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Ronnie Reno's Christmas Celebration Hosts Bluegrass Stars

Reno's Christmas CelebrationRonnie Reno's Old Time Music Festival featuring guest Doyle Lawson, Claire Lynch, Rhonda Vincent, Larry Sparks, and Stan Hitchcock. This week, BlueHighways TV programming featured on DISH will feature Reno's Old Time Music Festival "A Christmas Celebration". The special performance will host our favorite bluegrass artists along with historic footage of Jim & Jesse McReynolds, Reno & Smiley and Jimmy Martin.

Also featured will be Stan Hitchcock's "Holiday Heart to Heart Classics." Stan Hitchcock's Holiday Heart to Heart Classics you'll enjoy musical selections from The Jerry Sullivan Family with Connie Smith, Jerry Jeff Walker, Skip Ewing, Michael Johnson and the late Sammi Smith. Make sure you tune in or set your DVR to record BlueHighways TV on Blockbuster Studio ch. 102, Sunday at 1:30pm ET.

Bluegrass music is at its best with host Ronnie Reno as each episode contains stunning performances, subtle vocal harmonies, historical footage, in-depth interviews and a deep respect for the heritage of Bluegrass music. The only Bluegrass music show on television where the legends are showcased alongside the hottest current bands and where you get to join in the discovery of the next generation.

To watch Ronnie Reno and the Reno Tradition is to witness living traditional and bluegrass history. Ronnie has had one of the most colorful, diverse and distinguished careers in the music industry. On the country side, he has toured as an opening act and band member for Merle Haggard, toured with Mel Tillis, done studio work for Johnny Cash, Conway Twitty and Willie Nelson, and written hits for both Haggard and Twitty. On the bluegrass side, he spent several years providing part of the trademark harmonies of the Osborne Brothers.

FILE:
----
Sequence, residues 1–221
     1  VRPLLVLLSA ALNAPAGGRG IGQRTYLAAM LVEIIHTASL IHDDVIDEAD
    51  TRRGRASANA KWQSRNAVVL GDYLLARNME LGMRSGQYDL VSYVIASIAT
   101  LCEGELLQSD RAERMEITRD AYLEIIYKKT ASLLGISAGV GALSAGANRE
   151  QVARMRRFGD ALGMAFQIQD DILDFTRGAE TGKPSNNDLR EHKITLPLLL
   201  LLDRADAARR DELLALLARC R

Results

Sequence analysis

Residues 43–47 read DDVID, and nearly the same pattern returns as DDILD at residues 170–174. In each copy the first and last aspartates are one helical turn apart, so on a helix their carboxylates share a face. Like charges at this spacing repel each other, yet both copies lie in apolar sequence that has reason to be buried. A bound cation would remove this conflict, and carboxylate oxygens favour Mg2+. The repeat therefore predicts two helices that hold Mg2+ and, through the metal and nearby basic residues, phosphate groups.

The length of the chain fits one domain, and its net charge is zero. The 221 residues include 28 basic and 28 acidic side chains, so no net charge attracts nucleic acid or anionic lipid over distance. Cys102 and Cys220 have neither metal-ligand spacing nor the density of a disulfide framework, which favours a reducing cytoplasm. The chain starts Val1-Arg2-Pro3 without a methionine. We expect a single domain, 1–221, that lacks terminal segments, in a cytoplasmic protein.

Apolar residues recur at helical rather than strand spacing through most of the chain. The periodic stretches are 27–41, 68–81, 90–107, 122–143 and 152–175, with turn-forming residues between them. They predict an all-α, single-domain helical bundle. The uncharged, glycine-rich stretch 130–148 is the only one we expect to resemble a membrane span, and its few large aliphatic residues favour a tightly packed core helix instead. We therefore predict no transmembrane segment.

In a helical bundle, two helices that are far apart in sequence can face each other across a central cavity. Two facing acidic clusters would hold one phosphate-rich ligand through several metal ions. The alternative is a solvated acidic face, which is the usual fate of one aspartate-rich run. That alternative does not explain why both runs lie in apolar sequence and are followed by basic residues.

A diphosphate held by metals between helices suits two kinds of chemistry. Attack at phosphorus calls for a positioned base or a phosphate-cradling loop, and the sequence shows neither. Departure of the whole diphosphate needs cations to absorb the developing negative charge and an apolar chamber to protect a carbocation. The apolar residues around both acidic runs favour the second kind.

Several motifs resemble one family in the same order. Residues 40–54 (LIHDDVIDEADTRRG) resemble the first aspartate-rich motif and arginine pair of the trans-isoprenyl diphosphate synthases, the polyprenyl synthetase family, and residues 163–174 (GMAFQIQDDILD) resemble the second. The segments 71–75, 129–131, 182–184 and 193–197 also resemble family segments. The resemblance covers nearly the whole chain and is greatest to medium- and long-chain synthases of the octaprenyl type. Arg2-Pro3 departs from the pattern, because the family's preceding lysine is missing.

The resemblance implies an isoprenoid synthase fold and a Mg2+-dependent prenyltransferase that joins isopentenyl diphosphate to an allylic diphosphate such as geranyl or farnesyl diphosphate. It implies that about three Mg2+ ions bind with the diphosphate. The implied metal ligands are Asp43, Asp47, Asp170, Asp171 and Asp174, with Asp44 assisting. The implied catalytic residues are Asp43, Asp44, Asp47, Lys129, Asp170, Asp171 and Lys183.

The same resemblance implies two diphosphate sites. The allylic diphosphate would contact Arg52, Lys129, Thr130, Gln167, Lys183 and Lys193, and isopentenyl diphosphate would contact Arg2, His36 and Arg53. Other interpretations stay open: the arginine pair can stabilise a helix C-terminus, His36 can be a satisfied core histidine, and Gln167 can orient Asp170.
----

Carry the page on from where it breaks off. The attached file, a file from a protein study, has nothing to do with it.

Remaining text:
Bookending those personal milestones is a career based in family that has provided modern music with some of its most noteworthy moments. As a boy, Ronnie became part of bluegrass greatness when he picked up the mandolin and joined his father’s band. His dad, Don Reno, happened to be one-half of Hall of Famers Reno and Smiley, and young Ronnie was part of many of the act’s great recordings in the ‘50s and ‘60s. These days, Ronnie heads the Reno Tradition, an act that encapsulates some of the greatest sounds and moments of traditional bluegrass music.

Ronnie was born into the world bluegrass, a uniquely American music spawned in the hills of Kentucky by Bill Monroe and a close band of like-minded musicians. His father replaced Earl Scruggs in Monroe’s seminal band, the Bluegrass Boys, and popularized the three-fingered roll on the five-string banjo. Ronnie was just a boy when he picked up a mandolin and began playing with Reno and Smiley, often standing on a milk carton just to reach the microphone. He also sang and played mandolin and guitar for the Don Reno Band before joining the Osbornes, with whom he worked for five years and five albums.

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